English Influence and Styles

English Influence

Interior Design Styles

These reflect the influence of the Wintergardens structures designed by architects Gummer and ford.

Art Nouveau
Art Nouveau Art Moderne interior design style - S Levaillant

The art nouveau home design style is similar to art deco in that it features decorative detailing combined with contemporary characteristics. However, this aesthetic is defined by flowing lines, rather than strict, geometric shapes. Door and window frames, along with furniture all have elegant curved edges which vary from subtle undulations to exaggerated fantastical contours. Its symbols and motifs are abstracted from organic vegetation and “a repertoire of biomorphic forms; much of its imagery is directly or obliquely feminine” [Banham 1997]. Other common elements of art nouveau design include floral patterns, stained glass windows, oriental rugs and wrought iron light fixtures and staircase railings. Lighting is typically made up of hand-blown glass or semi-precious stones and incorporates natural elements like vines, birds, branches and florals. Prominent Art Nouveau Designers include Hector Guimard, Louis Comfort Tiffany, Louis Majorelle and Carlo Bugatti.

Arts & Crafts
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Arts & Crafts home design borrows interior elements from a number of different styles, including art nouveau and artisan. This design movement arose in response to the mass-production of global industrialization. It celebrated the nobility of the traditional craftsman, who imbued each piece with uniqueness and a humanity absent in mechanized production. In contrast to historical revival styles, furniture in the Arts & Crafts aesthetic tend to embrace a more stern, straightforward form [Rodel 2003]. Handcrafted furniture, rich wood trim made of oak or mahogany, along with stained glass and ceramic backsplash tile are all items that make up this interior motif. Imbued with naturalism, this style has a color palette that is typically earth-inspired and include dusty oranges, browns, taupes and sage greens. Another key to Arts & Crafts style is built-in elements. Kitchen cabinets, bookcases, shelving, benches and light fixtures are typically built into the walls in an effort to blend well with the architecture and create unity throughout the home. Lighting is usually made up of warm tones like hammered copper or bronze. Prominent Arts & Crafts designers include William Morris, Gustav Stickley, Charles Robert Ashbee and Richard Barry Parker.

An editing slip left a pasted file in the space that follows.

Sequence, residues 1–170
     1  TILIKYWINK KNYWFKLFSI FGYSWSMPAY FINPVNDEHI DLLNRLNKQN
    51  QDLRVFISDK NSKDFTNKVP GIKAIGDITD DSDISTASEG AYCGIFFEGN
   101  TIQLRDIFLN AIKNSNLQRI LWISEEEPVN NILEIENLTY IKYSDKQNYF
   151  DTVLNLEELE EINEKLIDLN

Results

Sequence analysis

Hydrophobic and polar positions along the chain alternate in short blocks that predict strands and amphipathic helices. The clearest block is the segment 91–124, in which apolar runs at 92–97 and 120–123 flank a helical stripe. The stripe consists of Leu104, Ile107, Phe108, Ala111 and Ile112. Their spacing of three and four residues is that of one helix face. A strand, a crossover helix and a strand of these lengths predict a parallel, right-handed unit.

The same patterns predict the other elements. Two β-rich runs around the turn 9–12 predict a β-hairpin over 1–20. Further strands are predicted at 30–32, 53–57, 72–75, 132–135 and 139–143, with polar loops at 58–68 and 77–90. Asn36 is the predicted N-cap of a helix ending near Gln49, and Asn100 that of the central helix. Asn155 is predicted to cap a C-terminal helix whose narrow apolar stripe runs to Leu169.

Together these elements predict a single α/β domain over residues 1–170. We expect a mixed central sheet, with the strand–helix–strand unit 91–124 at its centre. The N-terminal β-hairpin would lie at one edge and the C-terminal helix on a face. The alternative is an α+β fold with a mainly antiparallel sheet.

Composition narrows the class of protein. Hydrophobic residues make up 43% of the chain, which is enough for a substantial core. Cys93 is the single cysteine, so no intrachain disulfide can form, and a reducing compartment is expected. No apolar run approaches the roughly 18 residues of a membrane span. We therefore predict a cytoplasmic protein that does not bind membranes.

Living and dining rooms in one studio space styled according to Victorian traditions

The second half of the XIX century is considered the origin of formation of the Victorian style. The name “Victorian” style was named after the reign of Queen Victoria, who reigned during this period. Victorian style at a glance incorporated: Gothic Revival architecture such as spires, buttresses, pointed arch door surrounds and windows and decorative ironwork; medieval influences including fleurs de lys, heraldic motifs and quatrefoils; rich dark colours such as ruby red, forest green, and dark blue; mass produced wallpapers including flock and damask styles and large bold prints of flowers and foliage; heavily carved, or plump, over-stuffed furniture, including button-back armchairs, sofas and ottomans; patterned, encaustic floor tiles and stained or etched glass; highly patterned fabrics or strongly-coloured velvets, festoon blinds and sumptuous window treatments; and ornate marble, slate or cast-iron fireplaces, inset with patterned tiles.

Hawthorn Dene

Hawthorn Dene Historic Country Cafe

Location: 280 Botany Road, Golflands, Auckland 2013

Hawthorn Dene was the home of the Rev Robert Hattaway, who bequeathed the land to Howick and Districts Historical Society. The house was left to the Historic Places Trust. Mr La Roche says the land cannot be subdivided and sold.

This café is just 5 minutes up the road from where I live. I have been going here since I was young with my close family and grandmother. I love to get tea and enjoy the beautiful garden and old style house. Situated down a long and narrow, gravel driveway, its tucked away from the busy Botany suburb and takes you out into an English style cottage dwelling. I like the atmosphere this café embodies and could use some elements to plan out my possible tea house intervention.

History of the Glasshouse

Glasshouses are common in Europe, where harsh winters prevent many southern hemisphere plants from thriving, nearly every botanical garden boasts a glasshouse full of exotic species. But Australia and New Zealand don’t get too many chances at glass glory.

A status symbol of wealth and prestige

Glasshouses were only originally used by the incredibly wealthy and elite Victorians. Glass and window taxes made it incredibly expensive to create even the smallest of glass buildings, and they became a status symbol of wealth and privilege for the age. Elaborate bespoke glass buildings were created to maximise light and create the perfect temperature for plants previously only grown abroad.

Botany was incredibly popular in the Victorian era – in fact, it was the most popular science of the 19th Century. Plants were discovered and collected from all over the world, brought back to the UK and then shown off and studied accordingly. To help study, preserve and show off these plants, a temperature controlled environment was needed. There was also a growing need to prolong the growing season of many ordinary food plants too, so large beautiful, ornate glass houses were created.